The law enforcement officer, specifically from the Women and Children Protection Desk where present, shall take the statement of the child during the initial investigation in the presence of the child’s counsel of choice or in the absence thereof, a lawyer from the Public Attorney’s Office, his parents, guardian, or nearest relative, as the case may be; and the local social welfare and development officer. In the absence of the child’s parents, guardian, or nearest relative, and of the LSWDO, the investigation shall be conducted in the presence of a representative of an NGO or faith-based group, or a member of the BCPC.

In taking the statement of the child, the law enforcement officer shall observe the following guidelines:

1. The investigation shall be child friendly and be conducted in a non-intimidating manner.

2. The interview of the child shall be conducted in a separate interview room to make the child feel comfortable and free to express him/herself.

3. The law enforcement officer shall use simple and understandable language in taking the statement of the child during the initial investigation.

4. The law enforcement officer shall allow the LSWDO, or the persons taking his/her place as above enumerated, to actively assist in conducting the initial investigation.

5. There should be enough privacy to avoid unnecessary interruptions, distractions and/or participation from non-parties that could humiliate or make the child uncomfortable.

6. The written statement to be prepared shall reflect the language used by the child and not the language used by the law enforcement officer.

The initial investigation shall be conducted in the best interest of the child and in a manner which allows the child to participate and to express him/herself freely.

The law enforcement officer conducting the initial investigation shall ensure that all statements signed or thumbmarked by the child during investigation shall be witnessed by the child’s parents or guardian, the LSWDO, or if not present, any other social worker, or counsel in attendance, who shall affix his/her signature to the said statement.

In the case of a child who is above fifteen (15) years of age but below eighteen (18) years of age, the law enforcement officer shall refer the records of the child to the LSWDO for an assessment if the child acted with discernment.

After the initial investigation, the law enforcement officer shall refer the case of the child to the LSWDO for intervention in accordance if the child is 15 years old or below or above 15 but below 18 years of age and acted without discernment.

Diversion is required if the child is above 15 but below 18 years of age and acted with discernment and the offense committed carries an imposable penalty of not more than six (6) years of imprisonment.

The record of the case shall be referred the prosecutor or judge if the child is above fifteen (15) but below 18 years of age and acted with discernment and the offense committed carries an imposable penalty of more than six (6) years of imprisonment.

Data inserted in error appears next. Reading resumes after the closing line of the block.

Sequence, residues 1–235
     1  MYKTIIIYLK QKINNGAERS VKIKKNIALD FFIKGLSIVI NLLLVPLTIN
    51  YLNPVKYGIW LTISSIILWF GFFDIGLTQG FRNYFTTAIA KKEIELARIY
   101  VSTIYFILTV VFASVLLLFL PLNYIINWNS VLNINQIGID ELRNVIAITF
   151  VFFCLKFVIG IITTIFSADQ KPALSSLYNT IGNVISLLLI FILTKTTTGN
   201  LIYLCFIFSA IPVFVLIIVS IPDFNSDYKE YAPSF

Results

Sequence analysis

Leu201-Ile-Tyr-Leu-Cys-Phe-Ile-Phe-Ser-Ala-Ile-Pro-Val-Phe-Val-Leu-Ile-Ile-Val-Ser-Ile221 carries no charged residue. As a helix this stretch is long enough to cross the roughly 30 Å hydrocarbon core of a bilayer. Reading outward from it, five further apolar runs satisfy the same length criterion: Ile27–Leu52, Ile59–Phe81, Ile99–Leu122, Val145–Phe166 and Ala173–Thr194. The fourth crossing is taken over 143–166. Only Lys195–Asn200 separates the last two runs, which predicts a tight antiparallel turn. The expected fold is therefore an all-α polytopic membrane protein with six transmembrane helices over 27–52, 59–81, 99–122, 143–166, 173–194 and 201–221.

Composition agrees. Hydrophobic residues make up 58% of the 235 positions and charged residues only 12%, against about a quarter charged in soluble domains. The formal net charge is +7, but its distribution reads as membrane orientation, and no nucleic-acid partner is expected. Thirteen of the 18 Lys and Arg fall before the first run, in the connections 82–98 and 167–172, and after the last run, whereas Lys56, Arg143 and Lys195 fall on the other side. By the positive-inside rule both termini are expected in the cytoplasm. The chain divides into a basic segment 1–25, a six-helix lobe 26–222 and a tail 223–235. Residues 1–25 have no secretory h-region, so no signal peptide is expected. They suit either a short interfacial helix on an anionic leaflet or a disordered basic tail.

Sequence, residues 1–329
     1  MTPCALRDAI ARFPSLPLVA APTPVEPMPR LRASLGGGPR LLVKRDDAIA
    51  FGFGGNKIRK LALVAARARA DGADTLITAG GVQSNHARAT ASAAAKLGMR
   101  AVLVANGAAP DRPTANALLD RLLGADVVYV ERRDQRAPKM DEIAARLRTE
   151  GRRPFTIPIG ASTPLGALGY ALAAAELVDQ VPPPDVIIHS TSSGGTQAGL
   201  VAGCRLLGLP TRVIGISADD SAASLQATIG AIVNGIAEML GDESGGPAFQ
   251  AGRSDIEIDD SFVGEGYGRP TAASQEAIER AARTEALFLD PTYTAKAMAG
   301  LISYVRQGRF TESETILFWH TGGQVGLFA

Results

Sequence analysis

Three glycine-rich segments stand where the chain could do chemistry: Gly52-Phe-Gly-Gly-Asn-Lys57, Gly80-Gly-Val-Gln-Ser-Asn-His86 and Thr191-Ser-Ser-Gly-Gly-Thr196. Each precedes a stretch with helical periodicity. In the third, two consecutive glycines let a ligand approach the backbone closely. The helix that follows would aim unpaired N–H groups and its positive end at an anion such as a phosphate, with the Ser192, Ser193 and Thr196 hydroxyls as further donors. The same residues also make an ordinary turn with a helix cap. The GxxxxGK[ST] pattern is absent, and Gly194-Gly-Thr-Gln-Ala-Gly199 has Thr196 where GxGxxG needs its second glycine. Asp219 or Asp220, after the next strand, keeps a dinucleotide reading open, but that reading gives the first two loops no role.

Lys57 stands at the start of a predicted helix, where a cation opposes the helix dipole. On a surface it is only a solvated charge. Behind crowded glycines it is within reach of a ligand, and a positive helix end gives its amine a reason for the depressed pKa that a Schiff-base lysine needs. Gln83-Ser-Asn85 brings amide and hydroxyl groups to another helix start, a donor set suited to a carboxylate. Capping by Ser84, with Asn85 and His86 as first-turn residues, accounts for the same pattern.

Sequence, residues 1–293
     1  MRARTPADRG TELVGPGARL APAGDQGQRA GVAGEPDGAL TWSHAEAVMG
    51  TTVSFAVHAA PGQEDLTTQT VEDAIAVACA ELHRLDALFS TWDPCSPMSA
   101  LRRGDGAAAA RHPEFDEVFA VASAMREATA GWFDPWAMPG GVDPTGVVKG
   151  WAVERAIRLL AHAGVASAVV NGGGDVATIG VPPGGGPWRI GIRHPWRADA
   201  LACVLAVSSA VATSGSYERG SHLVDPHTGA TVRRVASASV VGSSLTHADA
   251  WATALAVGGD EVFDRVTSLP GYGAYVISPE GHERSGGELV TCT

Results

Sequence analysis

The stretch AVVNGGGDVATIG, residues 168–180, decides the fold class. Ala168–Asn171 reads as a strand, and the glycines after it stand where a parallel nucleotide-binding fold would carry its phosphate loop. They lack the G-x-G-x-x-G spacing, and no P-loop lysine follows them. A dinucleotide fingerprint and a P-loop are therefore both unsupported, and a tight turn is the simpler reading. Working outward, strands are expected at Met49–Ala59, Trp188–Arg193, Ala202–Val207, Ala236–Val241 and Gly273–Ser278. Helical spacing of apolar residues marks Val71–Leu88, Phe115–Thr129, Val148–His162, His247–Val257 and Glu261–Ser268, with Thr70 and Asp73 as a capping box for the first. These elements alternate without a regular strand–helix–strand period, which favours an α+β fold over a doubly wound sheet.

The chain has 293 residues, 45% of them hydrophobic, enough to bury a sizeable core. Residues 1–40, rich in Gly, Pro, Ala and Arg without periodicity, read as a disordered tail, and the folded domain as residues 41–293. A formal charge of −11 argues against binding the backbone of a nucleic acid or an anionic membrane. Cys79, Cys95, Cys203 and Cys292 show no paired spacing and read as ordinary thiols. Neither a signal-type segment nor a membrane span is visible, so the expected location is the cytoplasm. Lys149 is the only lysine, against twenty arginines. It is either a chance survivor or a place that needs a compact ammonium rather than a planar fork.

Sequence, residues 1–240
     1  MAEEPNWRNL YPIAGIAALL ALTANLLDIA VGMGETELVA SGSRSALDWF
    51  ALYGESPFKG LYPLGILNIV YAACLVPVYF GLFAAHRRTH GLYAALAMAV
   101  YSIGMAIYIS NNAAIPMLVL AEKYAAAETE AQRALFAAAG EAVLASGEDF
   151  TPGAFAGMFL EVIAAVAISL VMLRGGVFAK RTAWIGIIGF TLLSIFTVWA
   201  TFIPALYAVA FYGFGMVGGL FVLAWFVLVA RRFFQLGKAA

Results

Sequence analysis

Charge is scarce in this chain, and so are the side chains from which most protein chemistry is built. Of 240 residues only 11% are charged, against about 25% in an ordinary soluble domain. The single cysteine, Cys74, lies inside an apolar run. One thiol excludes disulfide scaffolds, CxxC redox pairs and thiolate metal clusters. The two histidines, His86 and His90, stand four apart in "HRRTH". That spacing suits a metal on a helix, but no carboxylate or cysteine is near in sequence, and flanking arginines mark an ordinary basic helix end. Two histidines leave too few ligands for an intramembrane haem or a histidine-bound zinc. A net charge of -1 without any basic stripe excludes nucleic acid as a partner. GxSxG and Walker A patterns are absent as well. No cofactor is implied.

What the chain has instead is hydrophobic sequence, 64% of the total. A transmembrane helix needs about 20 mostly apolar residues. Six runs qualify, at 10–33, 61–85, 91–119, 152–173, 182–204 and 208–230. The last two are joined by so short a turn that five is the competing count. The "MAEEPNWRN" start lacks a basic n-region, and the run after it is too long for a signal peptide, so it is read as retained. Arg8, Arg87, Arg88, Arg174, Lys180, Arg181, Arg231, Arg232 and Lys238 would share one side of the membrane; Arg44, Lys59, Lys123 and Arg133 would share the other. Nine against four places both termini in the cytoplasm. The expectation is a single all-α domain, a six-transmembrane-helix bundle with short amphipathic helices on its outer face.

In all cases, the law enforcement officer shall turn over the physical custody of the child to the LSWDO within eight (8) hours from apprehension, as required under Section 21(i) of R.A. No. 9344, even if the law enforcement officer has not yet exhausted all measures to determine the age of the child and even if the initial investigation has not yet been terminated.

In the event a child whose custody is turned over by the law enforcement officer is 15 years old or below, the LSWDO shall take all measures to release the child to the parents or guardians, or to any of the persons or organizations auithorized by R.A. No. 9344, and proceed with the development of appropriate programs as provided by the said law.

From the time he/she takes custody of the child in conflict with the law, the law enforcement officer shall handle the case of the child with utmost confidentiality. Particularly, the law enforcement officer shall:

(a) Use a system of coding that provides aliases for children taken into custody;

(b) Maintain a separate logbook for children in conflict with the law;

(c) Exclude the public, particularly the media, from the area where the child is being held in custody pursuant to Section 43 of the Act;

(d) Not provide any detail or information to the public, particularly the media, that shall lead to the identity of the child;

(e) Keep the results of the medical examination confidential; and

(f) Mark the records of the child and the report on the initial investigation as confidential.

The prohibited acts when in custody of child are:

1. A child in conflict with the law shall not be locked up in a detention cell.

2. The child shall not be detained in the provincial, city or municipal jail, even if there are quarters separate from adult detainees.

3. A child in conflict with the law shall not be searched by a law enforcement officer of the opposite sex.

4. The law enforcement officer having custody of the child shall refrain from using vulgar or profane words and from sexually harassing or abusing, or making sexual advances on the child in conflict with the law.